A young Shaolin boy goes and studies at the Shaolin Temple. His first training exercise is to slap the water in a basin.
The boy, perplexed, asks, "Why?"
The master said, just do it. Slap the water.
And the boy continues slapping the water all day and his hand begin to go red. It is the same the next day and the following weeks and months. After a year, the boy returns home. When he is at the dinner table with all his family and friends around, they wonder, "What did you learn at the Shaolin Temple?"
The boy, somewhat bitterly says, "I've only learned to slap water." And then slammed his hand on the table and it broke in half.
This is a parable that explains the nature and culture of Kungfu philosophy. In a very traditional sense, students would often go through an initiation to see if they had the discipline to handle the monotony of training.
Nowadays, it's not so much like that, but they still carry concepts of that credo.
Kungfu teaches that discipline is primary because if you are to achieve anything, you must have or create the discipline to follow through.
Understanding then becomes secondary, because true understanding comes through doing and experience.
I know from my own perspective, it's hard to accept this way of teaching, because I crave understanding first. I like learning and then deciding if I will try it or not. I value wisdom and knowing.
But too much knowledge can overwhelm and paralyze action.
Too often we get caught up in the enthusiasm of learning new things and trying to go all out for short bursts at a time. We jump around chasing one goal, then another and not getting much done.
The man who chases two rabbits catches neither.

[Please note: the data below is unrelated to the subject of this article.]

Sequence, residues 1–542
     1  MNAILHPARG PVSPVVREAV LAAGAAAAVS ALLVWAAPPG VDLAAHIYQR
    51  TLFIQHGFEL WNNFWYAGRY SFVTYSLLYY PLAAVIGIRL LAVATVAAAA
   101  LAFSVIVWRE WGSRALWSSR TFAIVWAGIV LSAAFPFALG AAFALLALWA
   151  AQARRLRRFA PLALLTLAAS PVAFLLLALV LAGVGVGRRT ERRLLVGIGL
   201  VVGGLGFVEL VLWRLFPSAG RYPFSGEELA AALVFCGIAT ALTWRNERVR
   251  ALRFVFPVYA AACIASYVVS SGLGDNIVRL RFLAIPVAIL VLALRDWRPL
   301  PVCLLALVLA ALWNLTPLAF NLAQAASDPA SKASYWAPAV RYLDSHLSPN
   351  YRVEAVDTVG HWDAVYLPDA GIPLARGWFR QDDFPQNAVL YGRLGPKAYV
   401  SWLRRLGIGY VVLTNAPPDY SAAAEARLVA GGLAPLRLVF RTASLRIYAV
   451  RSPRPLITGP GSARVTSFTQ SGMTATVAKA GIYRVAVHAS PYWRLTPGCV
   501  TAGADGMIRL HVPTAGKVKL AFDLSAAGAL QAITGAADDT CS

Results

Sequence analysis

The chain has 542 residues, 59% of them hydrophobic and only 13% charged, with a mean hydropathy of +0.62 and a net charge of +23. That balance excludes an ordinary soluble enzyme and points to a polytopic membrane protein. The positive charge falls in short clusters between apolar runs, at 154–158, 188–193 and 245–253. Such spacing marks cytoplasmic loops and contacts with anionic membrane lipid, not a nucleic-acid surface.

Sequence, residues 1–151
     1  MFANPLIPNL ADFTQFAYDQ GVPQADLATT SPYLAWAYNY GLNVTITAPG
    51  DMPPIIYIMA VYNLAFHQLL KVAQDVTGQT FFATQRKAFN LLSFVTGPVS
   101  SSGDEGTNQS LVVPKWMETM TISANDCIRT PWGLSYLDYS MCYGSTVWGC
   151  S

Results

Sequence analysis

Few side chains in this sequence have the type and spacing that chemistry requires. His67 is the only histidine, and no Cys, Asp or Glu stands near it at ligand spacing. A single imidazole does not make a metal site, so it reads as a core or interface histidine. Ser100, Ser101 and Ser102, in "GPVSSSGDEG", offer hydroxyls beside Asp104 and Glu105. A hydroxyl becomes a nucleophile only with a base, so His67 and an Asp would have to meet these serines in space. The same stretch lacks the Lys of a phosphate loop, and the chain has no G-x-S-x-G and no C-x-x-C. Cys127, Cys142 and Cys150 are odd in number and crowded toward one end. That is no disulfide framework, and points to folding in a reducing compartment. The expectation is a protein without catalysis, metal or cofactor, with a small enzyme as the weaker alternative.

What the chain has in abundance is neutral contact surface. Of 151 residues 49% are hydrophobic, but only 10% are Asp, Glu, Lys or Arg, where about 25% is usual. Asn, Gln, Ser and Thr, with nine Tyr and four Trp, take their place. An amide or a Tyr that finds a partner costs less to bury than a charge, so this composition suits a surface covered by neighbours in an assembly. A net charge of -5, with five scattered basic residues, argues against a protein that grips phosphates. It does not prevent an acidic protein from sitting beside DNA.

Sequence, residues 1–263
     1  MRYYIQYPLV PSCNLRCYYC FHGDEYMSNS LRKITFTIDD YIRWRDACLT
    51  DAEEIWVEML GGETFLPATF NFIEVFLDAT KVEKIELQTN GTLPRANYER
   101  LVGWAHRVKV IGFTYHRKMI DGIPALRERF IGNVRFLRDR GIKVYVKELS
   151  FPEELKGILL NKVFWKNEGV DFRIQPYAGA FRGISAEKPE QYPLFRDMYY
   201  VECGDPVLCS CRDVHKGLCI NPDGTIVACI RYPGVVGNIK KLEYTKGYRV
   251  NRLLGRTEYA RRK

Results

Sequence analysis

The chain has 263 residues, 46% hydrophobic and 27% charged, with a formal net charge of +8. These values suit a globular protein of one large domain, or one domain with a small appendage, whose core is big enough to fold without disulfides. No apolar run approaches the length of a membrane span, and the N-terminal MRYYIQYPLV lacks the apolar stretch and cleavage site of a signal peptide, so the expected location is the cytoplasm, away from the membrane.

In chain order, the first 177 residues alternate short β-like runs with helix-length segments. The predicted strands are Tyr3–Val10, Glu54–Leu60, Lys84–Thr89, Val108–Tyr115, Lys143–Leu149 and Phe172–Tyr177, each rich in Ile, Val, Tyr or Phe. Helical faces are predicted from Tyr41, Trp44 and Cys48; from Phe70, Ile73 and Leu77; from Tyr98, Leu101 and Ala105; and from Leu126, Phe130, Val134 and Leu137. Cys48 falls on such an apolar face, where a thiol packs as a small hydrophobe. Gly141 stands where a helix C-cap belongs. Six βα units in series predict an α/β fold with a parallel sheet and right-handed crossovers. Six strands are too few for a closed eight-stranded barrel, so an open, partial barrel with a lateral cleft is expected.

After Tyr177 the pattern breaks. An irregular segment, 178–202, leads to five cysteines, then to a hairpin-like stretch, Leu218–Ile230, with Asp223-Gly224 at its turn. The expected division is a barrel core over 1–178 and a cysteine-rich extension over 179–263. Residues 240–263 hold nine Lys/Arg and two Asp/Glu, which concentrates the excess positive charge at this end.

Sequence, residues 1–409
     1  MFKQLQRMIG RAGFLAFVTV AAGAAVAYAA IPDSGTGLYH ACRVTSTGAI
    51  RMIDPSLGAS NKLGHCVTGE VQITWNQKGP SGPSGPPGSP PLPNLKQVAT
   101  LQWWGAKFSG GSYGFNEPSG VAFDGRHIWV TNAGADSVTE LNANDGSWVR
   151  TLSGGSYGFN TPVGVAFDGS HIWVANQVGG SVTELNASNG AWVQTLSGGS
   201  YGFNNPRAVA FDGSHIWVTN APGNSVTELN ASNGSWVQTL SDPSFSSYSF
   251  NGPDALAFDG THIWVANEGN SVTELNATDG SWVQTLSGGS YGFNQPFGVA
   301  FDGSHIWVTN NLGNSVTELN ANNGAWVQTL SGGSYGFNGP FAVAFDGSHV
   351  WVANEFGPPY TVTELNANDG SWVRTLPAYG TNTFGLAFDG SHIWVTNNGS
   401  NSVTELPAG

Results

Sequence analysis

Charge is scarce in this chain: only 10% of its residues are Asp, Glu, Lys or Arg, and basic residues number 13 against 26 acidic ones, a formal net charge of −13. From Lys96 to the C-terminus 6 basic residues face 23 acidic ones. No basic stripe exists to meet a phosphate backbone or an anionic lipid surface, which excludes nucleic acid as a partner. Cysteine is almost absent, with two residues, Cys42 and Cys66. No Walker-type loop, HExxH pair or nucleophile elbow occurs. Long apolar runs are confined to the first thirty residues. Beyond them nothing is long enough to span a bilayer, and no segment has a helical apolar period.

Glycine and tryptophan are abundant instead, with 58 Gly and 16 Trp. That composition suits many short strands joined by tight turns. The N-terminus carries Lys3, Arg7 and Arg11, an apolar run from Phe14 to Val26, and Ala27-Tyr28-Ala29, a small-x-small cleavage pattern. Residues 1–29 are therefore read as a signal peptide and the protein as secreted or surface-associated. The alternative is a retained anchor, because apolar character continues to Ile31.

But looking at from a more scientific perspective, I would have to admit I agree with this concept of teaching discipline or grit. Let the new pupils struggle and build their character with blocks of grit in the beginning. Learn the basics and build a structure before trying to reach flying heights. Then, start going deeper into the material.
Probably the person who has researched this concept the most is Angela Lee Duckworth. She found that the only difference that separated high performing students to lower performing students was grit, their ability to do something even though they don't want to. Their social IQ, talent, wealth or any other variable didn't attribute to their success.
It was grit that separated them.
"Grit is passion and perseverance for very long-term goals. Grit is having stamina..."
"What I do know is that talent doesn't make you gritty. Our data show very clearly that there are many talented individuals who simply do not follow through on their commitments. In fact, in our data, grit is usually unrelated or even inversely related to measures of talent."
When you are relentless, the world opens up to you. If something has meaning and value to you, you can attain it. Be relentless, deliberate and afraid of nothing.
When you consistently follow through on even hum-drum activities, you are learning grit, block by block. And when you have gone through that experience, reflect on the results either tangibly or intangibly. Create a feedback loop so that you can continue to grow.
About the blog
Luke Siljander began training with Master Wang in 2007. He and Master Wang want to share the value of Kung Fu